Mitigating geolocation errors in nighttime light satellite data and global CO2 emission gridded data

: pp. 304–316
Received: March 05, 2021
Accepted: May 10, 2021

Mathematical Modeling and Computing, Vol. 8, No. 2, pp. 304–316 (2021)

Lviv Polytechnic National University
Universities Space Research Association, Columbia, MD, USA; University of Maryland, College Park, MD, USA; Osaka University, Suita, Osaka, Japan
Lviv Polytechnic National University; Academy of Business in Dąbrowa Górnicza
Lviv Polytechnic National University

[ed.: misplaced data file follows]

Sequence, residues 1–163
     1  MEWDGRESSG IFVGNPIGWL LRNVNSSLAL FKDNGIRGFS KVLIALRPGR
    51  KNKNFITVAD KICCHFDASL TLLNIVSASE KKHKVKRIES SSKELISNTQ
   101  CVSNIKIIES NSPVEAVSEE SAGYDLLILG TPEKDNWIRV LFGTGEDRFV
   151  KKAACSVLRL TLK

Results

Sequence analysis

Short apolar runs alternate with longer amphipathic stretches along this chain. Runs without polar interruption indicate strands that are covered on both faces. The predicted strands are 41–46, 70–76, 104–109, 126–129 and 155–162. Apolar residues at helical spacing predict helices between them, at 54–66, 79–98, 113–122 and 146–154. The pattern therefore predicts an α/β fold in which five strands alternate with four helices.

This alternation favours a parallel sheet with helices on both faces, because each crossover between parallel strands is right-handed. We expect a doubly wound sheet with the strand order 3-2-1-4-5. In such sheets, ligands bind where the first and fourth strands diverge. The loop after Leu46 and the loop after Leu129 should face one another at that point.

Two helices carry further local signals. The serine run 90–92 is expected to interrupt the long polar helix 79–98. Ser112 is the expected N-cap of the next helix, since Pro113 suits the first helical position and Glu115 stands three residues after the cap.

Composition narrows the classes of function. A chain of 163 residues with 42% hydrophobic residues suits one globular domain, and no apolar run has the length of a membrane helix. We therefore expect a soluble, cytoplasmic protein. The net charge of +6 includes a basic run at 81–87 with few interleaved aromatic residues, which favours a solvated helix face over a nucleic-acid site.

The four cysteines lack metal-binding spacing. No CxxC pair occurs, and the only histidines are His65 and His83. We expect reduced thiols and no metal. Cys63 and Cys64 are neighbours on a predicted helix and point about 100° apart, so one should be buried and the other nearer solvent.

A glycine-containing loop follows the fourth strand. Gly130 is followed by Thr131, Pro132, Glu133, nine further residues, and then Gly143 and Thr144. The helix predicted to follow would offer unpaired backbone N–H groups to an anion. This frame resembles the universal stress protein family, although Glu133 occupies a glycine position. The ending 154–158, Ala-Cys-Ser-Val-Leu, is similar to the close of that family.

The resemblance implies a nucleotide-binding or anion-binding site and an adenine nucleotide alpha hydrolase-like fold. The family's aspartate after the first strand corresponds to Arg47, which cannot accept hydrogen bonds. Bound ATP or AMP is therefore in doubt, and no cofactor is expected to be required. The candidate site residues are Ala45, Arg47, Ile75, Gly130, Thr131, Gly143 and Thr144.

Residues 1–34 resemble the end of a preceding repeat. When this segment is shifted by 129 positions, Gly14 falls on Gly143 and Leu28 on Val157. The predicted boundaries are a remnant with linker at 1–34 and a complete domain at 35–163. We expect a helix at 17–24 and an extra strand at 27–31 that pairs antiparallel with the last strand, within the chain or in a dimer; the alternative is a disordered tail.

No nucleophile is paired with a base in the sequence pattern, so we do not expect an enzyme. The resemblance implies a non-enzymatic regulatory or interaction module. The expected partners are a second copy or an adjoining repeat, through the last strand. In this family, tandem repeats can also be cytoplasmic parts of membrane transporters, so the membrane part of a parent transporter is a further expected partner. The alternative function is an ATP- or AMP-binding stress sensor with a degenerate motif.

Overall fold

Accurate geospatial modeling of greenhouse gas (GHG) emissions is an essential part of the future of global GHG monitoring systems.  Our previous work found a systematic displacement in the high-resolution carbon dioxide (CO2) emission raster data of the Open-source Data Inventory for Anthropogenic CO2 (ODIAC) emission product.  It turns out this displacement is due to geolocation bias in the Defense Meteorological Satellite Program (DMSP) nighttime lights (NTL) data products, which are used as a spatial emission proxy for estimating non-point source emissions distributions in ODIAC.  Mitigating such geolocation error (~1.7 km), which is on the same order of the size of the carbon observing satellites field of view, is especially critical for the spatial analysis of emissions from cities.  In this paper, there is proposed a method to mitigate the geolocation bias in DMSP NTL data that can be applied to DMSP NTL-based geospatial products, such as ODIAC.  To identify and characterize the geolocation bias, we used the OpenStreetMap repository to define city boundaries for a large number of global cities.  Assumption is that the total emissions within the city boundaries are at the maximum if there is no displacement (geolocation bias) in NTL data.  Therefore, it is necessary to find an optimal vector (distance and angle) that maximizes the ODIAC total emissions within cities by shifting the emission fields.  In the process of preparing annual composites of the nighttime stable lights data, some pixels of the DMSP data corresponding to water bodies were zeroed, which due to the geolocation bias unreasonably distorted the ODIAC emission fields.  Hence, an original approach for restoring data in such pixels is considered using elimination of the factor that distorted the ODIAC emission fields.  It is also proposed a bias correction method for shifted high-resolution emission fields in ODIAC.  The bias correction was applied to multiple cities from the different continents.  It is shown that the bias correction to the emission data (elimination of geolocation error in non-point emission source fields) increases the total CO2 emissions within city boundaries by 4.76% on average, due to reduced emissions from non-urban areas to which these emissions were likely to be erroneously attributed.

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